This year, PCMA’s 20 in Their Twenties program honors its 10th class of exceptional young leaders in the business events industry. Class member Malcolm Farrell-Mitchell, senior business development manager at Business Events Perth, shares what he has learned about himself and the industry during this continued time of uncertainty.
What have you learned about yourself — and the industry — during the past few years of uncertainty?
It’s all about perspective. It is a volatile industry and there is a whole range of factors that can impact whether events go ahead or if they’ll be successful. In the end, meetings and events are an important facilitator of ideas but if they don’t go ahead, it is not going to be the end of the world. This makes it all the more important that we make a real impact with what we can do because when people enjoy themselves and business is done, these are the good times.
What do you like most about your job?
I love the opportunity to dive into the world of another profession and learn about what they do. I love the fact that, because of my clients, I now know just a little bit about marine science and neuromuscular disorders and performing arts. I don’t envisage that I will ever be the smartest person in the room however, what I love about this job is that you get the opportunity to help the smartest person in the room — and sometimes that feels just as good.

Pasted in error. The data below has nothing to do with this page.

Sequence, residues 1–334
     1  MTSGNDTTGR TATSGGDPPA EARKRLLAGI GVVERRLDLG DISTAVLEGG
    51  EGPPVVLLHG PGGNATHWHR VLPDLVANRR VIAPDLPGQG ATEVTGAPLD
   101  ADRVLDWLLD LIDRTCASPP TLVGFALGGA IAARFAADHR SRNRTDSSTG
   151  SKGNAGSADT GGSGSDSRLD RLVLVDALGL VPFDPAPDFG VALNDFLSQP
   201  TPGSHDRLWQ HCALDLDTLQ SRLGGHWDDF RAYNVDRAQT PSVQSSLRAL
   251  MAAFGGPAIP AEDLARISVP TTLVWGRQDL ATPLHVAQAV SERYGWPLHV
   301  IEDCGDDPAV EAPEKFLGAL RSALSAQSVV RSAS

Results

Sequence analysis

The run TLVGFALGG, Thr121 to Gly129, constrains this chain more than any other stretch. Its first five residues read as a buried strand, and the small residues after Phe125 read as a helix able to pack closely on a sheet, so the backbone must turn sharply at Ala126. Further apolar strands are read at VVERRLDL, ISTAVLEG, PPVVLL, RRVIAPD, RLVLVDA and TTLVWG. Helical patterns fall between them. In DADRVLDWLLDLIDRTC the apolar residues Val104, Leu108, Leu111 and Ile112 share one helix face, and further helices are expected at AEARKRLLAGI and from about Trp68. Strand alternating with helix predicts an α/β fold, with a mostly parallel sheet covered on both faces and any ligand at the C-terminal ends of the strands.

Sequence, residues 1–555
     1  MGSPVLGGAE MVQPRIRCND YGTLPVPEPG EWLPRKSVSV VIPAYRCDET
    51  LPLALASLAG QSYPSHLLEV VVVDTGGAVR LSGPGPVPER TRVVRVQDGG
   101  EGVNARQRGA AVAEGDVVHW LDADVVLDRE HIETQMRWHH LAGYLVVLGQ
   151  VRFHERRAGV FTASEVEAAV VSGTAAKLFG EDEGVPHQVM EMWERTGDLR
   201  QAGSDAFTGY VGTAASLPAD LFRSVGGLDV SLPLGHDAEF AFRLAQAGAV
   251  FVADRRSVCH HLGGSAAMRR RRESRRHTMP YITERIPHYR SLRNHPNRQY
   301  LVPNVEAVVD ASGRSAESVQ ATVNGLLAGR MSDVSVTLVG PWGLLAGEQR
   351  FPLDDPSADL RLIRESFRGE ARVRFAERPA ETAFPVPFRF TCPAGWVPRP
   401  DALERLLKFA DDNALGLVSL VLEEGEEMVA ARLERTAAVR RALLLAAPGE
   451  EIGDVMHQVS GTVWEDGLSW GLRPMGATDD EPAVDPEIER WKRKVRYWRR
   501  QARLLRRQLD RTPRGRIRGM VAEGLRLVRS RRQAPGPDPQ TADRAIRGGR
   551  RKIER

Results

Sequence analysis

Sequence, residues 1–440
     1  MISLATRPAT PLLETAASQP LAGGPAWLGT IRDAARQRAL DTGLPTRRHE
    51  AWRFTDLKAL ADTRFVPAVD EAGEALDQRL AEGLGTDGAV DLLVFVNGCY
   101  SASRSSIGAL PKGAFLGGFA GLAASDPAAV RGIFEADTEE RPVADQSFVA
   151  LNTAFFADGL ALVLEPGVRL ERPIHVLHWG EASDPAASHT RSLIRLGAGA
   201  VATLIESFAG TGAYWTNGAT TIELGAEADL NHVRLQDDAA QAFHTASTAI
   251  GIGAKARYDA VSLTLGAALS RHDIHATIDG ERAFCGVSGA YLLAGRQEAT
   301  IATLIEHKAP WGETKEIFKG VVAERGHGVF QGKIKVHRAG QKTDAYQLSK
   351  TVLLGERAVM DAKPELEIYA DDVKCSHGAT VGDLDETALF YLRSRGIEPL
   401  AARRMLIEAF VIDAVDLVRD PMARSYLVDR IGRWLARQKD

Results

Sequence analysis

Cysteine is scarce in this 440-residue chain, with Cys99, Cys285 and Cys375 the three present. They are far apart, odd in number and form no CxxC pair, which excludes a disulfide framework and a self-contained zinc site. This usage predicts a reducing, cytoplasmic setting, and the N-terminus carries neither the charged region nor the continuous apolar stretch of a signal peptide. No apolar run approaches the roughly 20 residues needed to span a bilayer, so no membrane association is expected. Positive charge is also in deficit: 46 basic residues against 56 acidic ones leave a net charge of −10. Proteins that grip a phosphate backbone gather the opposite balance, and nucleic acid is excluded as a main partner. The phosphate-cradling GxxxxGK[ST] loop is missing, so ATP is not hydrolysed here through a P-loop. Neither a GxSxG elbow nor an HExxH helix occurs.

What’s the best advice you’ve gotten from someone in the industry?
Be kind. Despite the language we use around “buyers” and “sellers,” this isn’t a sales industry. It’s a relationships industry. If you’re a good person, you’re kind and you genuinely care about the person across from you at the table, you’ll make an impression.
What skills have been key to your success during these uncertain times?
I don’t think I could say that I have “succeeded” over the past few years. I think, like most of us, I have done my best to get through the changes and impacts of COVID and in some ways I have failed spectacularly. However, what I would say is that the whole industry has learned to value the relationships and clients we have more than previously. I think I have managed to keep a sincere hope that events and tourism will come back and be as valuable as they ever were.
Where do you look for new ideas and inspiration?
I think most people who have been in the industry are a little bored of the usual “sales calls” and “scheduled appointments.” I try to make my client interactions memorable and also enjoyable. I find inspiration in the quirky and weird ways to engage people, often using inspiration from other industries. Why not go for a walk with your client, or join them on a journey of some kind going from A to B to save them some time. If you’re going to their workplace, remember to buy a gift for the receptionist/secretary —who is often underappreciated but has a significant influence on decision making.
What advice would you give students who are interested in pursuing careers in the events industry?
You will hear some people in this industry say how they are underpaid and overworked. Perhaps this is true — however, I would argue that there are few industries in the world that take you as many places or allow you to be as creative as you can be as this industry does. Please don’t make the mistake of thinking that the events and tourism industries are stepping stones whilst you figure out what it is you really want to do. Tourism is an incredibly rewarding career.